The U.S. Supreme Court decided ABC v. Aereo today, reversing a Second Circuit Court of Appeals decision and holding 6-3 (Breyer) that Aereo’s service of providing mini-antennas to each of its thousands of customers to receive over-the-air broadcasts counts as a public performance of those broadcasts under section 106 of the Copyright Act, and that, essentially, Aereo is no different from cable companies, which are subject to limitations on their ability to freely transmit programming under the Copyright Act, such as the requirement that they pay compulsory license fees.
At oral argument, Aereo had difficulty in trying to explain why it constructed its system other than to evade copyright law. Furthermore, its attempt to say that it was no different from a store that sold antennas so that an individual could watch over-the-air broadcasts, did not fly: in such a hypothetical transaction, Aereo would no longer own the antenna and the entire transaction would be completed with no more involvement by Aereo when the programming was actually transmitted. The Court also was not swayed by the claim that Aereo did not perform “publicly,” stating that even if the distribution of a program were made in separate transmissions, one per antenna, it is still a transmission to the public.
At the end of the day, Aereo’s inability to differentiate itself from a traditional cable system sealed its fate. The Court also clearly did not like the fact that Aereo’s customers had no ownership interest or other rights in the copies they were receiving. This fact might distinguish Aereo’s system from, say, Remote Storage DVR systems, where the individual users are receiving programming for which they and their cable companies have already paid fees.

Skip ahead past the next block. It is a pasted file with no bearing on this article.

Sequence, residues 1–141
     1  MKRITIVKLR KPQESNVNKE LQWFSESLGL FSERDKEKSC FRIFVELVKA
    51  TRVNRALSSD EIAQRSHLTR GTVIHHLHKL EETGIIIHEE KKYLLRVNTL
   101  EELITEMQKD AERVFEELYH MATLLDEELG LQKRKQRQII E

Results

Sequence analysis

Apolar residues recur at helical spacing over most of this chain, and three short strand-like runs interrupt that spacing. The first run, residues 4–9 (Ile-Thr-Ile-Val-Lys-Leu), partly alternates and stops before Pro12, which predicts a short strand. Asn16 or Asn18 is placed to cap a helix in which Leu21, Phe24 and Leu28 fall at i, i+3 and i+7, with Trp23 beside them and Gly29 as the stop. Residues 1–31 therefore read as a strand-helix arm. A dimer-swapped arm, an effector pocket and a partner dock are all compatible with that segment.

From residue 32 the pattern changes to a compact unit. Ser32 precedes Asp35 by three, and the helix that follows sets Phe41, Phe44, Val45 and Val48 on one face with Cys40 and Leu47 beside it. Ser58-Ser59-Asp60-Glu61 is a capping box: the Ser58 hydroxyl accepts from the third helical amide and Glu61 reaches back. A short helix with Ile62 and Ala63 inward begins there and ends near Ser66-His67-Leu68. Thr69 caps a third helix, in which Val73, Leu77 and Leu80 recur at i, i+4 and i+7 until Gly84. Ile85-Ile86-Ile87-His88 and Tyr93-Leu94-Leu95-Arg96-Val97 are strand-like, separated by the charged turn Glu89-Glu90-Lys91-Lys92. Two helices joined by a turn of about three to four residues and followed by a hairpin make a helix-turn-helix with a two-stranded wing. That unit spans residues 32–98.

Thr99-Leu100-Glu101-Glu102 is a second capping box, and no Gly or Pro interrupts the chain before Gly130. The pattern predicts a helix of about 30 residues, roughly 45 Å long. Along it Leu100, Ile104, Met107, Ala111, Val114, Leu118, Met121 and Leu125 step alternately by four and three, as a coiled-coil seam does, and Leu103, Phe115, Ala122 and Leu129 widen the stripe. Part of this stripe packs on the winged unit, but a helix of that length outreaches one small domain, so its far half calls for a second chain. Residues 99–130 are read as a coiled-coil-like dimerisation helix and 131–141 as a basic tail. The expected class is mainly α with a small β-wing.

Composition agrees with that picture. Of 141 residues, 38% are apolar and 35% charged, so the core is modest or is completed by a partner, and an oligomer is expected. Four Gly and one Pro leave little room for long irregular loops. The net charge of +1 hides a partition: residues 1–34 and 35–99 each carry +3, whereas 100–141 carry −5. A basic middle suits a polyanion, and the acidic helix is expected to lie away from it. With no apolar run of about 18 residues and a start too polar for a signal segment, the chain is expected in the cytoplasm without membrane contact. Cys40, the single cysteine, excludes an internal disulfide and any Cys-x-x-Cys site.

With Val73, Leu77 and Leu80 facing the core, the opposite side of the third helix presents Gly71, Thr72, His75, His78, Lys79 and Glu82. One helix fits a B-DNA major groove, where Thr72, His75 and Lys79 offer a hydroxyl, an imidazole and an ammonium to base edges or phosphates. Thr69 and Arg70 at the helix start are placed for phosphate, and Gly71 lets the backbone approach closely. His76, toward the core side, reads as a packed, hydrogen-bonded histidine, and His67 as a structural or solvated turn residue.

Justice Scalia filed a dissent in which he mocked the majority’s blurry line and said that it would lead to many more cases wherein courts would have to figure out how much the system in question resembled a cable operation.
In briefs and argument, Aereo and some amicus briefs tried to make it appear that a decision against Aereo could have sweeping negative ramifications for other technologies, including cloud computing. The Court went out of its way to clarify that its decision did not consider and would not affect such technologies today. Given what the Court focused on in deciding against Aereo, it is highly unlikely that the language in Aereo could be used to jeopardize technology whose main purpose is to allow customers to store copies of works they already own in the cloud.
The Court’s decision is in line with the European Court of Justice and the United Kingdom High Court decision in ITV v. TVCatchup, which also held that the author’s right of communication to the public covers any transmission or retransmission of a work to the public not present at the place where the communication originates, by wire or wireless means, including broadcasting.